Column: Undercurrents: Media Reports Muddle Questions on Oakland Shooting By J. DOUGLAS ALLEN-TAYLOR
Did someone fire seven shots “at” Oakland police officers following a motorcycle club charity event at the Kaiser Convention Center last Saturday night? Were the motorcycle clubs—composed of mostly black members—in any way connected with the fired shots or the reported “chaos” that surrounded it, including what has been described by police officials as a “massive sideshow” that rolled from the downtown area out into East Oakland? And what were the exact events that led to the fired shots?
It would seem that the City of Oakland would want to know the answers to those questions in order to prepare the proper response.
I don’t know what information the Police Department or some city officials have, but following the various reports in the local media, it is pretty much impossible to get an accurate picture of what happened.
According to the Oakland Tribune article by reporter Heather MacDonald published the next day, “the disturbance began about 11 p.m. as the [Kaiser Convention Center event hosted by the Shadows of the Knight, Kings of Cali, Wiseguys and Goodfellas local motorcycle clubs] began breaking up. At 2 a.m.—an hour after police ordered the crowd to disperse—someone fired seven shots at two police officers who were attempting to direct the traffic outside the Convention Center near Lake Merritt. Neither was hit. … To quell the chaos, officers pushed the vehicles out of the area, only to have hundreds of vehicles swarm the streets near Jack London Square less than a hour later, touching off a massive reckless driving ‘sideshow’ near Fourth Street and Broadway that involved several hundred people and vehicles.”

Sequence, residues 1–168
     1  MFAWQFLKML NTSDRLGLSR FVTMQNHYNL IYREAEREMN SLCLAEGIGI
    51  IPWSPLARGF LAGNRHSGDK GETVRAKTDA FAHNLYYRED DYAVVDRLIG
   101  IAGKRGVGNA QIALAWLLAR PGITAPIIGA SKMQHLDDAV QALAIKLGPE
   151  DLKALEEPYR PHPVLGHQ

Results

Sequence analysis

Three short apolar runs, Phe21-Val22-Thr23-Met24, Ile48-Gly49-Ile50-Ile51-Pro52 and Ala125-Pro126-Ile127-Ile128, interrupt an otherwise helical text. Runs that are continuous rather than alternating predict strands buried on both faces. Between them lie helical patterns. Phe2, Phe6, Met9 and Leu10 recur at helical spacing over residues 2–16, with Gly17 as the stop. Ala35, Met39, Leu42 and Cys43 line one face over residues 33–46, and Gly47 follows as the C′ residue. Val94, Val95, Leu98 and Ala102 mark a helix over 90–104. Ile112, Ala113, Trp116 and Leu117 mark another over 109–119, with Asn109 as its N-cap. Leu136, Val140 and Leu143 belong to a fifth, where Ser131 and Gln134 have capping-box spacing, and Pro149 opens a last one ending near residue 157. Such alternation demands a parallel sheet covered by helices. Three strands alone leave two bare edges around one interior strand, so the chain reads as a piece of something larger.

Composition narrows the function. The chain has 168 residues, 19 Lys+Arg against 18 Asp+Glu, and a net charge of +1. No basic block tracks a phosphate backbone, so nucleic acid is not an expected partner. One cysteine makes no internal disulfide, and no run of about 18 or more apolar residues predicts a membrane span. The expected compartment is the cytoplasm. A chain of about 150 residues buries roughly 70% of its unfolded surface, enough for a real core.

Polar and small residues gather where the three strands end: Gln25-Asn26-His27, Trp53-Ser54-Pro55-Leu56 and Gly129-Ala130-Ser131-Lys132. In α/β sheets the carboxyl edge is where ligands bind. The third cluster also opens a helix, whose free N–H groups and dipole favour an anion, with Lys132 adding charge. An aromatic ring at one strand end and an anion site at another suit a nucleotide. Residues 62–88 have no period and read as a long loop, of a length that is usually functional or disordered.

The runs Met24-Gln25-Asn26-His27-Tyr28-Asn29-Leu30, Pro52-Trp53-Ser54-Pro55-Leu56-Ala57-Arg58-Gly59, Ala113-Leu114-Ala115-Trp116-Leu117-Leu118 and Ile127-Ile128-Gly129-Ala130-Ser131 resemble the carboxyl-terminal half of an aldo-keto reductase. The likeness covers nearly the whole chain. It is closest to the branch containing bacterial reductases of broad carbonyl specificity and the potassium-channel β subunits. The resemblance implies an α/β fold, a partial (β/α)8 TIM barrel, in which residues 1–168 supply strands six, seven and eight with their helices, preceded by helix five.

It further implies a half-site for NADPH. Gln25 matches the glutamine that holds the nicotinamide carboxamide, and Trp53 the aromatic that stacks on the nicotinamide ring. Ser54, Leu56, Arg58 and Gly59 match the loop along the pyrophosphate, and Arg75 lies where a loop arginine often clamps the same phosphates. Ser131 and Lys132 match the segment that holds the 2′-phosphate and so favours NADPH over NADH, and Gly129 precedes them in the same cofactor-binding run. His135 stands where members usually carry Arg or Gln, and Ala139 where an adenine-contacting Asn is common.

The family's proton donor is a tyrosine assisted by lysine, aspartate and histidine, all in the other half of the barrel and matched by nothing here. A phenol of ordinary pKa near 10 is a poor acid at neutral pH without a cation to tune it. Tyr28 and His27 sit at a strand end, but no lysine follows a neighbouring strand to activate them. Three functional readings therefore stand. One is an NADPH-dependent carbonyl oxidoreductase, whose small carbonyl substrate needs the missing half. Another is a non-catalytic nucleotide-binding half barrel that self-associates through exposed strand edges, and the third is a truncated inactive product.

The puzzlement begins with this newspaper account. What type of “disturbance” was taking place at 11 p.m. and if it was serious enough to be noted in the newspaper, why did Oakland police not order the crowd to disperse until two hours later? (The MacDonald article says the shots were fired at 2 a.m., an hour after they began the dispersal.)
A San Francisco Chronicle article on the 29th by reporter Demian Bulwa mentioned no 11 p.m. disturbance, but only said that “[a]t 1 a.m. Sunday, police responded to the city-owned Henry J. Kaiser Convention Center downtown on 10th Street, as a canned food drive and charity dance organized by four motorcycle clubs was letting out.” Responded to what? Unfortunately, Mr. Bulwa doesn’t let us know.